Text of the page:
Telomerase activity and the expression of telomerase components in acute myelogenous leukaemia

Authors

  • Dawei XU,

    1. Department of Medicine, Division of Haematology and Infectious Diseases, Department of Clinical Pharmacology and Department of Oncology, Karolinska Hospital, Stockholm, Sweden
    Search for more papers by this author
  • Astrid Gruber,

    1. Department of Medicine, Division of Haematology and Infectious Diseases, Department of Clinical Pharmacology and Department of Oncology, Karolinska Hospital, Stockholm, Sweden
    Search for more papers by this author
  • Curt Peterson,

    1. Department of Medicine, Division of Haematology and Infectious Diseases, Department of Clinical Pharmacology and Department of Oncology, Karolinska Hospital, Stockholm, Sweden
    Search for more papers by this author
  • Pavel Pisa

    1. Department of Medicine, Division of Haematology and Infectious Diseases, Department of Clinical Pharmacology and Department of Oncology, Karolinska Hospital, Stockholm, Sweden
    Search for more papers by this author

Dr DaweiXu Haematological Research Laboratory, L8:03, CMM, Karolinska Hospital, S-171 76 Stockholm, Sweden.

Abstract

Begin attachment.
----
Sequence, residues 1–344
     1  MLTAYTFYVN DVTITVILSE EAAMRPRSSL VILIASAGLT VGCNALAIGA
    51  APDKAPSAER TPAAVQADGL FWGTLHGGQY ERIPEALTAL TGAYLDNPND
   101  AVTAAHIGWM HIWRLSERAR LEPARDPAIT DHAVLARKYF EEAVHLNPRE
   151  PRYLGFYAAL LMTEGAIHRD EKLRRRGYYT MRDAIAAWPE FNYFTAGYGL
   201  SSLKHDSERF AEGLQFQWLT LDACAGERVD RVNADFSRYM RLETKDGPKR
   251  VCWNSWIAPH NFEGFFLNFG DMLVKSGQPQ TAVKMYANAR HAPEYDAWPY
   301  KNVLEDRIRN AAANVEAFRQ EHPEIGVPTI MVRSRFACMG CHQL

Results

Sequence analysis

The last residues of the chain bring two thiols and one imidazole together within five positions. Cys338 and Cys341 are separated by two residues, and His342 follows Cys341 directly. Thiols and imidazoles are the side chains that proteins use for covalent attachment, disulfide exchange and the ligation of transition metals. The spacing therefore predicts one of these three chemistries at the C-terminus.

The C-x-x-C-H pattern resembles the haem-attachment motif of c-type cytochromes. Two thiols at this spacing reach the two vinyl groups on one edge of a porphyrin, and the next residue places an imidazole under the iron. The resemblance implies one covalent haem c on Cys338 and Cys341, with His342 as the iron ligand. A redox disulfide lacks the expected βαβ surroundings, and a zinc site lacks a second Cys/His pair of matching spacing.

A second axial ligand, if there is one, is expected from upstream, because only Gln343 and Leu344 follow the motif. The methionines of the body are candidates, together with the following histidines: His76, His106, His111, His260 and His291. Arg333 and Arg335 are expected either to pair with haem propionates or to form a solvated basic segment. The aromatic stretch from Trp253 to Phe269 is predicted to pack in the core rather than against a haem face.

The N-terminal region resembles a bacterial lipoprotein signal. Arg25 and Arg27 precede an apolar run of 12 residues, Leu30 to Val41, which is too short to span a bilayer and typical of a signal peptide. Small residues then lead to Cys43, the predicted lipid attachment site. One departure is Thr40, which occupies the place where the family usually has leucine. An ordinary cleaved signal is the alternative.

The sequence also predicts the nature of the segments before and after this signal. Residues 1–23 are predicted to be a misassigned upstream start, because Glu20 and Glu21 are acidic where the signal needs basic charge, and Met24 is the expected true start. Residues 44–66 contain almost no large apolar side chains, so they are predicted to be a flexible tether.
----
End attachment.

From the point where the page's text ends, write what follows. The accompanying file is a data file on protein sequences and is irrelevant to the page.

In 95 leukaemic cell samples from 66 patients with acute myelogenous leukaemia (AML) (47 de novo and 19 secondary AML) telomerase activity was determined and the expression of the telomerase components: telomerase reverse transcriptase (hTERT), telomerase RNA template (hTR) and telomerase-associated protein (TP1) evaluated by RT-PCR. Compared to peripheral blood mononuclear cells (PBMC) from normal adult 87% (82/95) of patient samples exhibited elevated telomerase activity. hTERT, but not hTR and TP1 expression strongly correlated with the levels of telomerase activity (r = 0.47, P < 0.0001). The levels of telomerase activity were significantly higher at time of relapse or progression than at time of diagnosis (P = 0.003), and correlated to CD34 expression and chromosomal abnormalities of leukaemic cells (P = 0.01 and P = 0.001 respectively). The rate and duration of complete remission (CR) did not correlate with the levels of telomerase activity at diagnosis. Among eight patients in first relapse, however, two of three with low levels of telomerase activity re-entered CR, whereas none of five patients with high telomerase activity achieved a second CR. Taken together, telomerase activation/up-regulation in AML is a disease progression-associated event. Undifferentiated status and chromosomal aberration also lead to the up-regulation of telomerase activity in AML.

Ancillary